It has often been noted that the most liked people in the Old Testament were the false prophets. How come? Simply because the false prophets told the people what they wanted to hear. Did the masses want to hear about prosperity and wealth? Then the false prophets spoke about prosperity and wealth. Did the masses want to hear about peace and safety. Then the false prophets spoke about peace and safety.
It is easy to be welcomed and well-loved, if you tell people what they most want to hear. However, if you tell people what they need to hear, instead of what they want to hear, then you will not be so well-received. In fact, it is unlikely that you will be invited back.
Consider some of the Old Testament passages that speak of this problem:
“These are rebellious people, deceitful children, children unwilling to listen to the Lord’s instruction. They say to the seers, ‘See no more visions!’ and to the prophets, ‘Give us no more visions of what is right! Tell us pleasant things, prophesy illusions’.” (Is. 30:9-10)
“The prophets prophesy lies, the priests rule by their own authority, and my people love it this way. But what will you do in the end?” (Jer. 5:31)
“From the least to the greatest, all are greedy for gain; prophets and priests alike, all practice deceit. They dress the wound of my people as though it were not serious. ‘Peace, peace,’ they say, when there is no peace. ( Jer. 6:13-14)
“They dress the wound of my people as though it were not serious. “Peace, peace,” they say, when there is no peace.” (Jer. 8:11)
“Then the LORD said unto me, The prophets prophesy lies in my name: I sent them not, neither have I commanded them, neither spake unto them: they prophesy unto you a false vision and divination, and a thing of nought, and the deceit of their heart. Therefore thus saith the LORD concerning the prophets that prophesy in my name, and I sent them not, yet they say, Sword and famine shall not be in this land; By sword and famine shall those prophets be consumed.” (Jer. 14:14-15)
“This is what the LORD Almighty says: ‘Do not listen to what the prophets are prophesying to you; they fill you with false hopes. They speak visions from their own minds, not from the mouth of the LORD. They keep saying to those who despise me, “The LORD says: You will have peace.” And to all who follow the stubbornness’.” (Jer. 23:16-17)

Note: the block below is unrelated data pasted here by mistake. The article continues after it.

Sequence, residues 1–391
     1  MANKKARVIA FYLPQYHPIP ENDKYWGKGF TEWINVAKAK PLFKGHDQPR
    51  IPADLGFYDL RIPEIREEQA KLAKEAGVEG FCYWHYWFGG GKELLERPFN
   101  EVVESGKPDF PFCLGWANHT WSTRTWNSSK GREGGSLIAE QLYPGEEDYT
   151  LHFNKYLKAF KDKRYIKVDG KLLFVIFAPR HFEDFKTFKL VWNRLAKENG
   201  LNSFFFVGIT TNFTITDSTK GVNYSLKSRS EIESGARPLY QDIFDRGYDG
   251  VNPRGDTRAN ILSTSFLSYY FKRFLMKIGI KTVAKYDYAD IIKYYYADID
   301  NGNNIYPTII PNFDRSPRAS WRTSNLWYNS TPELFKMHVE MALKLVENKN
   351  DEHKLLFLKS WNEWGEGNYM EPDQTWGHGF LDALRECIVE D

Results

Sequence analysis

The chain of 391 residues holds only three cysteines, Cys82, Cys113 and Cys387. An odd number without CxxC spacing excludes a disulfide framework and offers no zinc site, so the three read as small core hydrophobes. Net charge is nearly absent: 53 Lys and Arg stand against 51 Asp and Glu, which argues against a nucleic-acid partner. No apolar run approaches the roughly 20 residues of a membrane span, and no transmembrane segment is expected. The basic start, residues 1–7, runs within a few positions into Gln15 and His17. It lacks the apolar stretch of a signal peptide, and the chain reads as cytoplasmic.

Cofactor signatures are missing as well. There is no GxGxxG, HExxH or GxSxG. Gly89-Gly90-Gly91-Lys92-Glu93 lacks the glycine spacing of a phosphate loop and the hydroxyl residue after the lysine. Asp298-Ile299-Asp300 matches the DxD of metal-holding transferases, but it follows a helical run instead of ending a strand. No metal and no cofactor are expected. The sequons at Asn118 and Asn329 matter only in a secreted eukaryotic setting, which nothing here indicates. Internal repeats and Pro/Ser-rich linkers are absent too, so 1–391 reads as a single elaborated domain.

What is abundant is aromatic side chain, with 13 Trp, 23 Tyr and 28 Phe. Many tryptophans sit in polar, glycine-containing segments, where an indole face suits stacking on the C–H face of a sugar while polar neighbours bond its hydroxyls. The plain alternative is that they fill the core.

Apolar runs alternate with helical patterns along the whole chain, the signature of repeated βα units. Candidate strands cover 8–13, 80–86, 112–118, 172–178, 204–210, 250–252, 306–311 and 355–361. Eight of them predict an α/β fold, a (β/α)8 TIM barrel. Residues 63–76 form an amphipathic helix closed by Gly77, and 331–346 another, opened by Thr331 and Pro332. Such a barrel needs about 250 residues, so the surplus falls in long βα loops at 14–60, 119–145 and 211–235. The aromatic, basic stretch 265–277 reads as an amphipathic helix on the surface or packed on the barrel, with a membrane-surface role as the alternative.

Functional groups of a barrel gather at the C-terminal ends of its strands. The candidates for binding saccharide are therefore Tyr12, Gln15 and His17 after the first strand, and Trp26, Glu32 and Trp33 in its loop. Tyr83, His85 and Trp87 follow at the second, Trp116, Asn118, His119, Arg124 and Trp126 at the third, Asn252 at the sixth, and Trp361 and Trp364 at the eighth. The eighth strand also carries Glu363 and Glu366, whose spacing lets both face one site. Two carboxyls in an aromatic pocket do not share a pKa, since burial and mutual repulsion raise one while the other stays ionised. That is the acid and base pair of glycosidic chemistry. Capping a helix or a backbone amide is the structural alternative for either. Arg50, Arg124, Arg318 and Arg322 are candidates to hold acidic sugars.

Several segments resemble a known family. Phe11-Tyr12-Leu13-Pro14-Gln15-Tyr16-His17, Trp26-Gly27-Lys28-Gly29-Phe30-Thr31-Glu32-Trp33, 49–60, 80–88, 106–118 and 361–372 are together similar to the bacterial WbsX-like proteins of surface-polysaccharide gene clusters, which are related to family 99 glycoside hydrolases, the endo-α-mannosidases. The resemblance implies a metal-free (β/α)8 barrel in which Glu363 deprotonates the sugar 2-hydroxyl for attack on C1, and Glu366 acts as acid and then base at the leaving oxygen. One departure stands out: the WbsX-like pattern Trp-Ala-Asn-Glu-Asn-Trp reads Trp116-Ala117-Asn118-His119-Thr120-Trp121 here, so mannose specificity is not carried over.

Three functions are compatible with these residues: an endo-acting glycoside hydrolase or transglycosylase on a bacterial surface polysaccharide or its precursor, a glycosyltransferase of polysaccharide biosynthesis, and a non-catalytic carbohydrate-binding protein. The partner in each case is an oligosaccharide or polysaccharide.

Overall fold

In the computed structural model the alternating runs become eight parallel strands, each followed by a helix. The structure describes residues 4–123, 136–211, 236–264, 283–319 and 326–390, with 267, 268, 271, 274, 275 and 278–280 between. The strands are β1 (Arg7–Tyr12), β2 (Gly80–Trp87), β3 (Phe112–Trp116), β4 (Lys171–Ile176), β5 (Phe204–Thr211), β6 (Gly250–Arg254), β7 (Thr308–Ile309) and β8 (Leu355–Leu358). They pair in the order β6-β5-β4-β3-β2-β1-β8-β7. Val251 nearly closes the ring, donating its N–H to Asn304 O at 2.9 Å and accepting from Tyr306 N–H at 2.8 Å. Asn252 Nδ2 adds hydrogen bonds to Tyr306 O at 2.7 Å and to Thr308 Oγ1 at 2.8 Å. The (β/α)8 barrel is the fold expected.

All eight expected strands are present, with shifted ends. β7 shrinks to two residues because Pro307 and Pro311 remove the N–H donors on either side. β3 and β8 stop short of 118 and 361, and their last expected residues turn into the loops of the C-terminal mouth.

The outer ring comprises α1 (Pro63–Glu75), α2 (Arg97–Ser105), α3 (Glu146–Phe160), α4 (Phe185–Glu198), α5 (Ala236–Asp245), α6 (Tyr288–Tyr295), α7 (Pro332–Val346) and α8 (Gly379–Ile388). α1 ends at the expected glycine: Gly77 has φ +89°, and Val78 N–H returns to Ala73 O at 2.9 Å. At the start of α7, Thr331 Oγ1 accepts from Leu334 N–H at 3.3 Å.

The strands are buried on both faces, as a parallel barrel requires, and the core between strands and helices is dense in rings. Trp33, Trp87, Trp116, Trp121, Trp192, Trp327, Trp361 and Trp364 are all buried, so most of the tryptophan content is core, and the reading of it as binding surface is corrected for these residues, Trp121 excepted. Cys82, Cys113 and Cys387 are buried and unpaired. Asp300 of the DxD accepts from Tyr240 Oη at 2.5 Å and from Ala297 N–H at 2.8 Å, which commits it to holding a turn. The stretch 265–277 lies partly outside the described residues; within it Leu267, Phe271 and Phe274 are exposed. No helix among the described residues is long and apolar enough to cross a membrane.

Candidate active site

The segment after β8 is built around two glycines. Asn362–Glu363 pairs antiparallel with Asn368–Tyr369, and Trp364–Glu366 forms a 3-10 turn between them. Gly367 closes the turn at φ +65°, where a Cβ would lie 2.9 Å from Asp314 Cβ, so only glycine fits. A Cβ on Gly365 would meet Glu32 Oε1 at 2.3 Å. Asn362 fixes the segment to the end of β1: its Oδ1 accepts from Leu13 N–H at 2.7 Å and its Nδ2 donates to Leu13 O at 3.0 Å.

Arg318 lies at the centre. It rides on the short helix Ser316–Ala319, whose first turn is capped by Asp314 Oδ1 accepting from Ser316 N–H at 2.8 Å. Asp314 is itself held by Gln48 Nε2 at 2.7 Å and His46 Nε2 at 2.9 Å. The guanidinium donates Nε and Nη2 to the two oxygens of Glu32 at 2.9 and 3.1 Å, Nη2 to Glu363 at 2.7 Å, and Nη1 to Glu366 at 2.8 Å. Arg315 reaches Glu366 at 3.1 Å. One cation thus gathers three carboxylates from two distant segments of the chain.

Jesus also warned of this tendency:
“Blessed are you when men hate you, when they exclude you and insult you and reject your name as evil, because of the Son of Man. Rejoice in that day and leap for joy, because great is your reward in heaven. For that is how their fathers treated the prophets. Woe to you when all men speak well of you, for that is how their fathers treated the false prophets.” (Luke 6:22, 23, 26)
That is the dilemma which contemporary Christian pastors and teachers face. Will they be true to the word of God, even if it makes them unpopular, or will they compromise and dilute the word, to stay in the good graces of their congregations?
One needs to not overstate the case, but there is some truth to the idea that if no one ever complains about your message, no one ever criticises your talks, then perhaps you need to re-examine the content.
We can all think of obvious candidates for false prophecy. Think of John Shelby Spong, for example, who pulls in large crowds, telling people not to worry about the controversial parts of the Bible. Don’t worry about the deity of Christ, or of hell, or of prohibitions against homosexuality, etc. No wonder he’s so popular.
But there are more subtle ways that even good evangelical Christians can soften their message or withhold some of the truth. In the desire not to offend or appear intolerant or a wowser, do we omit certain themes or subjects in our preaching and teaching? Do we fear to speak out on homosexuality, or abortion, or other ethical hot potatoes, for fear of alienating or offending someone?
Of course we do not want to deliberately be offensive or insensitive, We must speak the truth in love, and treat everyone with respect and courtesy. But we must also proclaim all of God’s truth, not just those parts that are easily palatable. As Paul told the elders of the church at Ephesus, Acts 20:27 “I have not hesitated to proclaim to you the whole will of God” (Acts 20:27) We too must proclaim the whole counsel of God, no matter how unpopular it may be.